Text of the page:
Diabetes Care Center
Out Patient Diabetes Care Center
Our Diabetes Care Center is accredited by the American Diabetes Association. We offer comprehensive diabetes self-management education through classes and individual counseling. Education is the most basic tool of diabetes care and with the skills and knowledge you gain from diabetes education, you can lead a healthy and active life. Diabetes can be frustrating and difficult to live with, so empower and inform yourself and manage your diabetes, today! For information about our outpatient program or a referral form, call our Diabetes Care Center at (530) 244-5455.
An estimated one out of four seniors in the United States has diabetes, or nearly seven percent of the total population. Known as a silent killer, 5 million people are unaware that they are affected. Diabetes is the seventh leading cause of death in the United States.
Inpatient Diabetes Care
Shasta Regional Medical Center is the first hospital in California and 11th in the nation to receive a Certificate of Distinction for our Advanced Inpatient Diabetes Care from The Joint Commission. What this certification means for patients with diabetes is that Shasta Regional meets rigorous standards to control patient blood-sugar levels while they are hospitalized so they experience better outcomes and heal more quickly.
We have experienced doctors, educators, dietitians and a staff of nurses who have been especially trained in diabetes management and work together as a team to develop a customized treatment plan for patient with diabetes.
What is Diabetes?
Everyone has glucose (sugar) in their blood. It is the fuel for the body’s cells. Glucose comesfrom the food you eat as well as what your body produces. A hormone produced in the pancreas, called insulin, moves sugar from the blood stream to the cells where it is used for energy. In diabetes, sugar cannot travelfrom the blood steam into the body cells so it stays in the blood. This is caused when either the body does not produce enough insulin or it does not use insulin correctly. Over time, high blood sugar, called hyperglycemia, can lead to serious health problems such as heart attacks, strokes, and blindness. Finding out you have diabetes is scary, but don't panic. People with diabetes can live long, healthy, happy lives when they learn how to manage the disease.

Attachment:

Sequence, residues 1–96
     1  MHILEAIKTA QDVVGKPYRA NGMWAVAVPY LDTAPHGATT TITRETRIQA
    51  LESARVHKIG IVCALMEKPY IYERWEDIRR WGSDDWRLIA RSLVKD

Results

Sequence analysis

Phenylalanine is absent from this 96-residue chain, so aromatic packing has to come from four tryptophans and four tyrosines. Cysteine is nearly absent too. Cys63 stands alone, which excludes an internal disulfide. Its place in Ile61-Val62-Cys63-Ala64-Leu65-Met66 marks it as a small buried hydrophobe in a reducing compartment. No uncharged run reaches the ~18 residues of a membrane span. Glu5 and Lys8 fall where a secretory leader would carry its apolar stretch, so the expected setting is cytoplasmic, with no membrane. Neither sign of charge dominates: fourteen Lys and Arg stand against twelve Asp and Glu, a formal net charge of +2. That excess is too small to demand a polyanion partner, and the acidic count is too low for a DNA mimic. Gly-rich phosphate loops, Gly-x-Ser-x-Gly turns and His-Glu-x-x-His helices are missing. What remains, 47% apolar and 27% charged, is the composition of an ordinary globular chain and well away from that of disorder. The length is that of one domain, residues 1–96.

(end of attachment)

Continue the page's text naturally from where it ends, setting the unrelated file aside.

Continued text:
Understand the exact causes of diabetes is not yet known, but Americans' inactive lifestyle anddiets full of fats, salt and sugar is suspect of the rise in the number of diabetic patients. Persons at risk also include those over age 45, overweight individuals and certain ethnic groups (African American, Latino and Native American).
Types and Treatment
Type 1 is usually called juvenile-onset diabetes. This type occurs when the pancreas makes little or no insulin. The body’s own immune system may attack the insulin-producing cells in the pancreas. Most often seen in children and young adults, Type-1 diabetes is treated with daily insulin injections and careful meal planning. Regular exercise also is important in controlling the disease.
Type 1 diabetes accounts for 5% to 10% of all diagnosed cases of diabetes. Risk factors for Type 1 diabetes may be autoimmune, genetic, or environmental. There is no known way to prevent Type 1 diabetes. Several clinical trials of methods of the prevention of type 1 diabetes are currently in progress or are being planned.
Type 2 is usually called adult-onset diabetes and is associated with older age, obesity, family history of diabetes, history of gestational diabetes, physical inactivity, and race/ethnicity. Type 2 accounts for more than 90% of all diagnosed cases of diabetes and is reaching epidemic proportions. Unlike Type 1, the body becomes unable to make enough insulin or to use it properly. Treatment includes medications (insulin and other drugs), sensible eating and exercise routine.
During pregnancy, some women experience gestational diabetes. Pregnancy hormones tend to make the body resist insulin. This type of diabetes usually goes away soon after the baby is born. After pregnancy, 5% to 10% of women with gestational diabetes are found to have type 2 diabetes. Women who have had gestational diabetes have a 20% to 50% chance of developing diabetes in the next 5 -10 years.